review//SYNECDOCHE, NEW YORK


Charlie Kaufman is known for writing interesting scripts (Being John Malkovich, Eternal Sunshine of the Spotless Mind), so Synecdoche, New York was bound to be another, plus he directed it.
The movie follows Cadin (Philip Seymour Hoffman), an aging theater director who is convinced he is slowly dying. Through his many relationships with his wife (Catherine Keener), the box office attendant at the theater (Samantha Morton) and a young actress (Michelle Williams), Cadin's journey through life leads him to create his final piece, a large scale play about his life.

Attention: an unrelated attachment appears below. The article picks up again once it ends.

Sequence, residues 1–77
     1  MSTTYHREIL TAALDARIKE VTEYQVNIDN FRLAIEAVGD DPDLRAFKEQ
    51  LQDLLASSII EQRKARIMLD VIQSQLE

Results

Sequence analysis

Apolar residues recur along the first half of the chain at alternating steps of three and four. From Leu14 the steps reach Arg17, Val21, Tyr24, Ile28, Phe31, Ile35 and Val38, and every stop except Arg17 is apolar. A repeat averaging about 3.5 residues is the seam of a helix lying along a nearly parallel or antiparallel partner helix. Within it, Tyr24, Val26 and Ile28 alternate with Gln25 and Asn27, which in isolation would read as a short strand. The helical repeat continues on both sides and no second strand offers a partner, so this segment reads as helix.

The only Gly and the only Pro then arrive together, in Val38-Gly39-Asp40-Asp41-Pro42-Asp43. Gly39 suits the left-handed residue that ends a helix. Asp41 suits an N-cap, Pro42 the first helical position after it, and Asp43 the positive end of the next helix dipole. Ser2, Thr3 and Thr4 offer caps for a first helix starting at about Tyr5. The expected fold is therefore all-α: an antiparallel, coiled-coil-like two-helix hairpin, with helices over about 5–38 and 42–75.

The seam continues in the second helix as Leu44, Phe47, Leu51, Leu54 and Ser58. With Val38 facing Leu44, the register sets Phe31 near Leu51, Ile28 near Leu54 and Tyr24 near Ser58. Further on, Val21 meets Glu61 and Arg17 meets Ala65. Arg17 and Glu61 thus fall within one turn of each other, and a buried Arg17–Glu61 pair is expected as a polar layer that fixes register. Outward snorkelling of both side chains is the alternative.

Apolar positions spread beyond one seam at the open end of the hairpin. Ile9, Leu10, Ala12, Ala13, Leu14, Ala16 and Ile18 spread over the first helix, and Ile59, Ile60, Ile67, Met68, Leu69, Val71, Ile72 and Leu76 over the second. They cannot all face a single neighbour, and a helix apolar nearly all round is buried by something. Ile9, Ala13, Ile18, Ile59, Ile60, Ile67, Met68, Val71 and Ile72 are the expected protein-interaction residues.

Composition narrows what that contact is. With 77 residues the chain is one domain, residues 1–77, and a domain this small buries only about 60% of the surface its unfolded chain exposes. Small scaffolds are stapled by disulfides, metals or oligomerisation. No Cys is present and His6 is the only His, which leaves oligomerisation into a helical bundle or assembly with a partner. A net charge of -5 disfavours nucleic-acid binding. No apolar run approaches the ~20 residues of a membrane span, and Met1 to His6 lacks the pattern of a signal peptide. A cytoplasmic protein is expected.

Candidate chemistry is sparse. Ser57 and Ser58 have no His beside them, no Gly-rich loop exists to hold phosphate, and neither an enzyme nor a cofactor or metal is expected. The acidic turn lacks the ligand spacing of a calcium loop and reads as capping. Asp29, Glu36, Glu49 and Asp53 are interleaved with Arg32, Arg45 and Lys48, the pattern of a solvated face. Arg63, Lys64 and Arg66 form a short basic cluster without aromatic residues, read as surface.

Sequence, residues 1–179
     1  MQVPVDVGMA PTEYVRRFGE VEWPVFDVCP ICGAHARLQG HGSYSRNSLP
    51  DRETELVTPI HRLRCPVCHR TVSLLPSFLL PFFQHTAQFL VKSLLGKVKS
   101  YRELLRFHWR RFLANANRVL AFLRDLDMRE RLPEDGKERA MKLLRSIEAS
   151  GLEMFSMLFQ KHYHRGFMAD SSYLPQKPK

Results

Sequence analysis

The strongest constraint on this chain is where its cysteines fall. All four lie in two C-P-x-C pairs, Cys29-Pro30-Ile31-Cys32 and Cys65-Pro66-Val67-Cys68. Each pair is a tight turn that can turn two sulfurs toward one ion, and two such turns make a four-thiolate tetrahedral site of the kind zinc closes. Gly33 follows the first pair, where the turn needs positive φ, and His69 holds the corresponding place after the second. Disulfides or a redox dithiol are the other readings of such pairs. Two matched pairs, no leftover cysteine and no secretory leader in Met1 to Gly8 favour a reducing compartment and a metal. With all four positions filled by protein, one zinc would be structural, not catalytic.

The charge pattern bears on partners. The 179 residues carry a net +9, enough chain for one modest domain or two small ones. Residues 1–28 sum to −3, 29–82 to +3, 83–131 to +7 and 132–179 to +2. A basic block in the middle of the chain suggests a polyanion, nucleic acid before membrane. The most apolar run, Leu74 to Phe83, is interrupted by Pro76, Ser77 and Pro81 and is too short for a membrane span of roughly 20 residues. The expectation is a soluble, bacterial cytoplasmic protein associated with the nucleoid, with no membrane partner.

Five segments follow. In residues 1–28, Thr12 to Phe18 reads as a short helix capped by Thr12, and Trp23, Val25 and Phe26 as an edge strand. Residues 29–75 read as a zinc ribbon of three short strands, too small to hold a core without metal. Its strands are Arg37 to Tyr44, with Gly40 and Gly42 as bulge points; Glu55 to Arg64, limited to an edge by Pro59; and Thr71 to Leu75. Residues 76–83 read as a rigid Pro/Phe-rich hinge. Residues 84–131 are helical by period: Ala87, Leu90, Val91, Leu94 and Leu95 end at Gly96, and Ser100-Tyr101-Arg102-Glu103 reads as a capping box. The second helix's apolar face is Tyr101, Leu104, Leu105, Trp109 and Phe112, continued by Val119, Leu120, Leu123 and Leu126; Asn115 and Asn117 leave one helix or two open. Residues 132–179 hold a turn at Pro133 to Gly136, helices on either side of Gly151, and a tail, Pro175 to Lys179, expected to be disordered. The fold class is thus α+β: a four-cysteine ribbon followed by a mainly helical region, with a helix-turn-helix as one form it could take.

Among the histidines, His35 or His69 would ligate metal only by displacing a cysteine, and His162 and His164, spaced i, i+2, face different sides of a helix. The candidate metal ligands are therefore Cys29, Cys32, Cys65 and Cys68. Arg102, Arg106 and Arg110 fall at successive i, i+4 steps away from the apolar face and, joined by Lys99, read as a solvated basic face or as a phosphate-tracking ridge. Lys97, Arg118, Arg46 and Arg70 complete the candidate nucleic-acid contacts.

But, the catch is that every day of life lends itself to a new page in the play. He purchases a huge warehouse and builds a lifesize replica of New York. He hires hundreds of actors to continuously play these characters, one of whom stops Cadin at one point and asks, "When are we going to get an audience in here? It's been 17 years." There are actors hired to play the characters, then there are actors hired to play those actors, playing the characters.
It's an incredibly twisted story. It's got beautiful music. It's got stellar performances by the entire cast (my favorite was Morton's). 
Definitely worth seeing. It's now available on DVD. My suggestion would be to watch it more than once, just like Eternal Sunshine.

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